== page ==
Tips for treating pediatric dental patients – 5 tips for pediatric restorations

5 Tips for Getting Great Results in Pediatric Restorations

When a child’s teeth show signs of decay, a pediatric dental crown allows the child to smile with confidence—and prevents future dental problems. Every case is different, and your specific approach will vary depending on how much decay is present or what other type of damage is affecting the tooth (or teeth). However, the same best practices generally apply. Here are some tips for working with esthetic pediatric crowns and getting long-lasting results that will keep young patients (and their parents) happy.

1. Prep fillings first.

In most cases, prepping crowns will draw some blood. Prepping all the fillings before starting on the crown prep allows you to have a clear view of all teeth throughout the procedure. It also helps maintain a clean field.

2. Shape the tooth for easy seating.

The ultimate goal is to shape the tooth so it matches the inside of the crown. Start by reducing the occlusal surface by 1.5 mm to 2 mm, and then use a #700 bur to make interproximal cuts all around the tooth. One of the secrets to easier seating is to be sure to remove sufficient enamel from the lingual/palatal side of the tooth—something that is often overlooked.

“If you look at the inside of the crown, it has the natural anatomy of a tooth, and the lingual surface has greater reduction than on the facial. You have to make the prep look like the inside of the crown to get the crown to seat down straight all the way,” says Joshua Bresler, DMD, of Doc Bresler’s Cavity Busters, a pediatric dental practice with eight locations in the greater Philadelphia area. He is also an assistant professor of pediatric dentistry at both Temple University Kornberg School of Dentistry and the University of Pennsylvania School of Dental Medicine.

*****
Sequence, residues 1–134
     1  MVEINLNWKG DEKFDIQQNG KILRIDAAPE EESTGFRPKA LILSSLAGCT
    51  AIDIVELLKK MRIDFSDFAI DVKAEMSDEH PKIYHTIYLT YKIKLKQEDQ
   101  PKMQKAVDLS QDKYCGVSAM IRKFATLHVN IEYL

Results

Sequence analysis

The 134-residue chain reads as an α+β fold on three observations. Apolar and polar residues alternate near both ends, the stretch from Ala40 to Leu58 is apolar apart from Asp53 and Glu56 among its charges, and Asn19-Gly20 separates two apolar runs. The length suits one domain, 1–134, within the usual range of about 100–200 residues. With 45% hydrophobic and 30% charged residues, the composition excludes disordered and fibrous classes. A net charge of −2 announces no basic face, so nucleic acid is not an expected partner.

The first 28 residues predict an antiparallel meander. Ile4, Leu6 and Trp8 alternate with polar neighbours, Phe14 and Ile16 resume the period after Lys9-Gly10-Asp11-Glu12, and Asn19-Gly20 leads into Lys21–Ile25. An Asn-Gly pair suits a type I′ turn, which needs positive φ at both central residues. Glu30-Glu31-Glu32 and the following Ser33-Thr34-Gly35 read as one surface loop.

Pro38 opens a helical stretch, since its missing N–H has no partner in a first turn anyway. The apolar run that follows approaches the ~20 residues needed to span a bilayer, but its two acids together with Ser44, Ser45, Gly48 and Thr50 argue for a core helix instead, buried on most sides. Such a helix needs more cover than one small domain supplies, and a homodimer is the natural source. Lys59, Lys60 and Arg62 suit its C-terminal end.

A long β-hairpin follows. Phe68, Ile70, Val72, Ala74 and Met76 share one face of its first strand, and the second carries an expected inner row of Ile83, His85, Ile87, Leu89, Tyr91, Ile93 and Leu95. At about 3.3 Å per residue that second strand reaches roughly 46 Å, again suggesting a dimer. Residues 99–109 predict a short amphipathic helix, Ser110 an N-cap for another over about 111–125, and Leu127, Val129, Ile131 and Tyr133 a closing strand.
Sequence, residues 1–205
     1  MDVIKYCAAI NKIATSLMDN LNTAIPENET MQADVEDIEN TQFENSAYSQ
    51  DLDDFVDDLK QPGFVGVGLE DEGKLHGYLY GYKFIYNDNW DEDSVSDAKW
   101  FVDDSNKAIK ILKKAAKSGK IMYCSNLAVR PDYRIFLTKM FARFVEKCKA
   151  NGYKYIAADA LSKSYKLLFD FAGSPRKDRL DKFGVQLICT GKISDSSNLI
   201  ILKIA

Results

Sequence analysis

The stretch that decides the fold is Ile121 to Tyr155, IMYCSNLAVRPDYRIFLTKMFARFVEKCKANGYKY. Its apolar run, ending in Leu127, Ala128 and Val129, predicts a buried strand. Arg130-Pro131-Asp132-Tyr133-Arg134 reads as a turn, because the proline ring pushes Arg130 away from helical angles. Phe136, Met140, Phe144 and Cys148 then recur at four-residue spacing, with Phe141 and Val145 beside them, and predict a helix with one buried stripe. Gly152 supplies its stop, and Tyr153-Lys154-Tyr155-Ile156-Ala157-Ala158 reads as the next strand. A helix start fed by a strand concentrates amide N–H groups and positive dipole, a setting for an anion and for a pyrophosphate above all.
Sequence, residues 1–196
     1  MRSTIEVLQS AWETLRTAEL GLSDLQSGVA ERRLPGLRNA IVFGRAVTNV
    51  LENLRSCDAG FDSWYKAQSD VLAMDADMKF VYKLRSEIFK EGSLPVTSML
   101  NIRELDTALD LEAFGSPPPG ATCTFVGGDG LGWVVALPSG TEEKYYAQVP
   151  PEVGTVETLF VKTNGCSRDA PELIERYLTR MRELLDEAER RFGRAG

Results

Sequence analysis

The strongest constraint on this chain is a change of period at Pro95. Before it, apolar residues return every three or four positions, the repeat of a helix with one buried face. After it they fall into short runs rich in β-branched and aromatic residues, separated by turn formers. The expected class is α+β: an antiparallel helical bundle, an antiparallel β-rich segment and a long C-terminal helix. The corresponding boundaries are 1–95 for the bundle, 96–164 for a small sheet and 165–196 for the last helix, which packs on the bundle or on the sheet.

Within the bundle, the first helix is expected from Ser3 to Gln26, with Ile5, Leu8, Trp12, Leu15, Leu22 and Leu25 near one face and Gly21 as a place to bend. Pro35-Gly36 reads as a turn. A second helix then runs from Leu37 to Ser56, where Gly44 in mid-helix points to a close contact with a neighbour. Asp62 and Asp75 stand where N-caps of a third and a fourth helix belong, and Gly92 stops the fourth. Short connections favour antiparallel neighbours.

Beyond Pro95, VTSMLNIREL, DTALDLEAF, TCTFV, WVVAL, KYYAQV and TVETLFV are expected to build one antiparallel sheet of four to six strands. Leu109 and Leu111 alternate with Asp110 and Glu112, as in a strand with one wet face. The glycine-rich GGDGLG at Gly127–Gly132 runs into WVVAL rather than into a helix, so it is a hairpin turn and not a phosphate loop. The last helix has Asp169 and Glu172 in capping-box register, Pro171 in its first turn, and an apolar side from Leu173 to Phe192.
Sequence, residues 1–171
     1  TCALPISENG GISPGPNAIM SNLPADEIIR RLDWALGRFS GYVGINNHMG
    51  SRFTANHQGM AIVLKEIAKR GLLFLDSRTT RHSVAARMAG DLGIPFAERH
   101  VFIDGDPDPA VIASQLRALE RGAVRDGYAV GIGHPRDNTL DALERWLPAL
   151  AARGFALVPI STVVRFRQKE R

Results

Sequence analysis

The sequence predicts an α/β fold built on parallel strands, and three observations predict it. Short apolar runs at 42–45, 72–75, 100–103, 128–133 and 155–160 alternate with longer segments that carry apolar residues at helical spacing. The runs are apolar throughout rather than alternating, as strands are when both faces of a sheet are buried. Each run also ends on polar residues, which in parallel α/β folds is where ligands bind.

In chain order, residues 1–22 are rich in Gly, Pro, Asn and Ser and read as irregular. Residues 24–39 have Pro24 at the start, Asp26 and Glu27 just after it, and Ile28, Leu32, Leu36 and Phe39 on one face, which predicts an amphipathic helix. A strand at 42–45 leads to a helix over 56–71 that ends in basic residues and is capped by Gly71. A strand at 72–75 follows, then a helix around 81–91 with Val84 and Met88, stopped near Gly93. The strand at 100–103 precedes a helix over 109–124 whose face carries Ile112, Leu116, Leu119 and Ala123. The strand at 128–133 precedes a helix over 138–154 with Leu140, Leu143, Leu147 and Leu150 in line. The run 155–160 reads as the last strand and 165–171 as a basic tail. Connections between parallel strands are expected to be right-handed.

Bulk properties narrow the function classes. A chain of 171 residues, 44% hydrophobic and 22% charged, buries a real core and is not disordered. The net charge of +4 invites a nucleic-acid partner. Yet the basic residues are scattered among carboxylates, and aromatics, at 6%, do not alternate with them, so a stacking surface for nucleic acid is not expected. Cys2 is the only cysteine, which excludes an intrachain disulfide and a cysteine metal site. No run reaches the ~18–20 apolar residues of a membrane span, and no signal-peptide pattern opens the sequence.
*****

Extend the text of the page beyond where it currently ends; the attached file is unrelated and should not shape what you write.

Using the #700 bur also makes it possible to take the slices below the gumline without creating a ledge. Dr. Josh suggests holding the tapered bur parallel to the long axis of the tooth.

Choosing a crown with a large internal cavity can minimize prep time and allow for easier placement.

3. Don’t be afraid to be aggressive.

Getting a solid result that will serve the patient in the long run may require an aggressive approach to prepping. This is especially true due to the nature of pediatric teeth—smaller and thinner than adult teeth with a thinner enamel layer.

“If you miss a Class 2 lesion on a primary tooth, six months later instead of needing a filling, it’s going to need a crown, and a year later, mostly likely it will have to come out,” says Jason Bresler, DMD, also of Doc Bresler’s Cavity Busters. He is also an assistant professor of pediatric dentistry at Temple’s Kornberg School and one of Incisal Edge Magazine’s Top 40 Dentists Under the Age of 40 in the United States for 2018.

“While it may seem a little aggressive at first, in the long run you’re doing less work. It’s also easier for the patient, because there’s no difference in discomfort as long as the child is properly numb,” he says.

4. Be smart about sizing.

Once the tooth is prepped and filled, try on crowns to find the proper size. If restoring several teeth, start by sizing the centrals. Start with a crown in the middle of the size range offered, and work up or down the range as necessary.

“It’s easier to go up or down from there, rather than starting from size 1 and continually working your way up,” says Dr. Jason.

Once you’ve fit the proper size for the central, try going up one size for the lateral. For the canines, start by trying the same size you fit on the central. For example if you fit a central 3, try a lateral 4; if you fit a central 2, try a lateral 3. If you fit a central 3, try a canine 3.

“Most of the time, it’s a good, easy way to quickly judge what sizes you need,” Dr. Jason says.

5. Crimp conservatively.

Crowns should fit snugly—but not so tight that they are difficult to adjust once they are in place. Don’t get carried away with crimping.

“Use a bird beak plier to put one notch on the lingual side of the stainless steel part of the crown,” suggests Dr. Josh. Doing this relieves some pressure on the facing of the tooth. When the crown is filled with cement, it should still have enough play to rotate the crown, if necessary, to seat it straight.

The cement will play a large role, in crown retention, he adds. Crowns with a simulated crimp or pre-crimped margins can also help with retention while allowing easy seating and adjustment.

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